Rachel IS

It wasn’t until Charlotte Glynn was working in Italy, as a nanny to a 6 year old with Down’s syndrome, that she fully grasped something she had previously taken for granted: how her mother raised her disabled sister, Rachel.

Her mother, Jane, had just called her to note that Rachel was turning 21, which meant her mother would lose all the state and federal support that she had been relying on to raise her. She was at a loss as to what to do.

Although Rachel is developmentally disabled, she wants what most people her age want—to move out of her mother’s house and live independently.

The relationship between Rachel and her mother is difficult and yet Jane doesn’t have the resources to insure Rachel’s independence.

With recent death of her father and the difficult period her mother and sister were going through, Glynn, a filmmaker, decided it was time to go home. Then she decided to chronicle the year of transition for Rachel and her mother.

She filmed everyday, capturing all their emotions, struggles and successes.

The process was not easy. Not only was putting her family on camera everyday difficult but getting the film financed and made was also a challenge. But her desire to share their story kept her going and now, 10 years after she first started, the documentary Rachel Is is premiering on PBS World Channel.

Rachel, now 31, lives independently in an apartment in Coraopolis and works in McKees Rocks and is happy to have the independence that she and  mother worked hard for, says Glynn. “She really loves to work. To have a purpose. She’s driven by the same purpose we all have in life,” Glynn adds.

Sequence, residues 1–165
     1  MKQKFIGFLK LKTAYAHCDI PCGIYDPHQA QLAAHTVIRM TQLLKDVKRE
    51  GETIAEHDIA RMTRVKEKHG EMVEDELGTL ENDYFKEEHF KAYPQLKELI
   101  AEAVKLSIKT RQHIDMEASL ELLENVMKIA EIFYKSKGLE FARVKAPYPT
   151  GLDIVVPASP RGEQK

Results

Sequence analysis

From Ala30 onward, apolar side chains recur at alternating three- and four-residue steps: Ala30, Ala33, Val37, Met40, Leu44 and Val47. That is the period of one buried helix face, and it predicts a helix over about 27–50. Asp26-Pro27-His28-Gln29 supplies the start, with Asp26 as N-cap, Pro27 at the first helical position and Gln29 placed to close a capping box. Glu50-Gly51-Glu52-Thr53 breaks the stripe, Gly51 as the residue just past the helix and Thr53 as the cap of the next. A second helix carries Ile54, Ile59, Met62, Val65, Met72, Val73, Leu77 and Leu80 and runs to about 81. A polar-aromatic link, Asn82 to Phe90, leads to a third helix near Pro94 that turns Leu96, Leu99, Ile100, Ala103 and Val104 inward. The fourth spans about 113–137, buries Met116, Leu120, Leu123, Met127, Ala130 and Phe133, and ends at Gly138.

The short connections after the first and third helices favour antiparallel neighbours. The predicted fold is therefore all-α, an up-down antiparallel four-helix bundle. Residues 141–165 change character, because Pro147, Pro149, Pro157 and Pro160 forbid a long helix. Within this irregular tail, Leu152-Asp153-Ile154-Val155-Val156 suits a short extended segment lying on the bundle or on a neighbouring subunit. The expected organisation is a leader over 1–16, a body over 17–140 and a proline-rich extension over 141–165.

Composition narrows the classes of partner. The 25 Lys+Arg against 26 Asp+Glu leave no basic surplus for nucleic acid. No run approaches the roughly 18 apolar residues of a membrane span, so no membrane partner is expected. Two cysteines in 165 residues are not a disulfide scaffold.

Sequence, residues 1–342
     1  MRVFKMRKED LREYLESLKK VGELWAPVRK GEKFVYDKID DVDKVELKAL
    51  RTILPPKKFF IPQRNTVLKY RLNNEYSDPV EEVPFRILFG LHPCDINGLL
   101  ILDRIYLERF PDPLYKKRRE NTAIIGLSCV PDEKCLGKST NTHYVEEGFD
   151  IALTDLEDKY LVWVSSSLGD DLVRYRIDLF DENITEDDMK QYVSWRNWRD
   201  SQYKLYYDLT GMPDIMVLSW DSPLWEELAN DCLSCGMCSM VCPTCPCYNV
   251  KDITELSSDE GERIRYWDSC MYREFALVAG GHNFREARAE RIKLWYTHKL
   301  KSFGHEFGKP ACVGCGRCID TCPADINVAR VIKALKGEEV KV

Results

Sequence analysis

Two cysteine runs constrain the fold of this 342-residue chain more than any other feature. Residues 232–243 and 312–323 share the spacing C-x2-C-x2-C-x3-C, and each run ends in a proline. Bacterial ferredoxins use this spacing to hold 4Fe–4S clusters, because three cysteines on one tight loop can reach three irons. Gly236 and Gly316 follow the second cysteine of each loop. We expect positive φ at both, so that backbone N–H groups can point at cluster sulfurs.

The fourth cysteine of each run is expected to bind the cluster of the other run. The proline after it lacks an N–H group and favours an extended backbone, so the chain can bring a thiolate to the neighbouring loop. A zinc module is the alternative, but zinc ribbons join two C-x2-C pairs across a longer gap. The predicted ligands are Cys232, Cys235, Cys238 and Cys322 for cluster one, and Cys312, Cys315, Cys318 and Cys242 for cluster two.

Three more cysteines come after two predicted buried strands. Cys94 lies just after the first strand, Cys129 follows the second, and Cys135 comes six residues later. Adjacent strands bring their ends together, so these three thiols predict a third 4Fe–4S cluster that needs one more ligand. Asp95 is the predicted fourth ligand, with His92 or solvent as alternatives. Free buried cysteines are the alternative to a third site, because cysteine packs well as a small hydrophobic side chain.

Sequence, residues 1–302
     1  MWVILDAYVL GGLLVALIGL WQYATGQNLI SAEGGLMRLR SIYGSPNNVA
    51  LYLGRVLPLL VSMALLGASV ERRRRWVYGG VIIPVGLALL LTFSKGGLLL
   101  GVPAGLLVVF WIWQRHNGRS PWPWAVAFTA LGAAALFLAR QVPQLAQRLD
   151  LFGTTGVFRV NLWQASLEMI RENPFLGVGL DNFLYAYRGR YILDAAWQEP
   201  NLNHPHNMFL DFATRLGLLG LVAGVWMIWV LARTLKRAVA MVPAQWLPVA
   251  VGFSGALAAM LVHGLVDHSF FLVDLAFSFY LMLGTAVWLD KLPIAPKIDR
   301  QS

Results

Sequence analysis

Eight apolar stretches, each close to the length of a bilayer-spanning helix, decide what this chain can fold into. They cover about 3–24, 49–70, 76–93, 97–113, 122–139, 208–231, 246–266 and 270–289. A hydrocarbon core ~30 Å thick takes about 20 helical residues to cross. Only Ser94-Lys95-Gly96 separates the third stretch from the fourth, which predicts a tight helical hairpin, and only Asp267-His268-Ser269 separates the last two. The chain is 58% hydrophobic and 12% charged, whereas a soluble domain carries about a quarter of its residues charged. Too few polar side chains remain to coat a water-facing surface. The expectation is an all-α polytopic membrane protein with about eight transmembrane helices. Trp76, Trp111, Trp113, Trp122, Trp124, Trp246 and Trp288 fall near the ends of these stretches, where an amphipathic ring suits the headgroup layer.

Glynn wants the film to open people’s eyes about those with disability—to see them for who they are in the context of their condition. “The one thing I want people to take away from this film is to think about people with intellectual impairment as fully formed human beings,” Glynn says.  “I wanted to make a film to show Rachel as a full and complex person. I want people to watch the film and bring the perspective the next time they meet somebody disabled– “oh, maybe we don’t see the world the same way.””

Rachel IS is available on DVD and Vimeo.

Leah Lizarondo is a food advocate, writer and speaker. She is also the co-founder of 412 Food Rescue, an organization that seeks to eliminate food waste to make an impact on hunger and the environment. She is the Chief Veghacker, recipe creator and curator at The Brazen Kitchen, where she writes about food and food policy. She writes about the intersection of food, health, innovation and policy.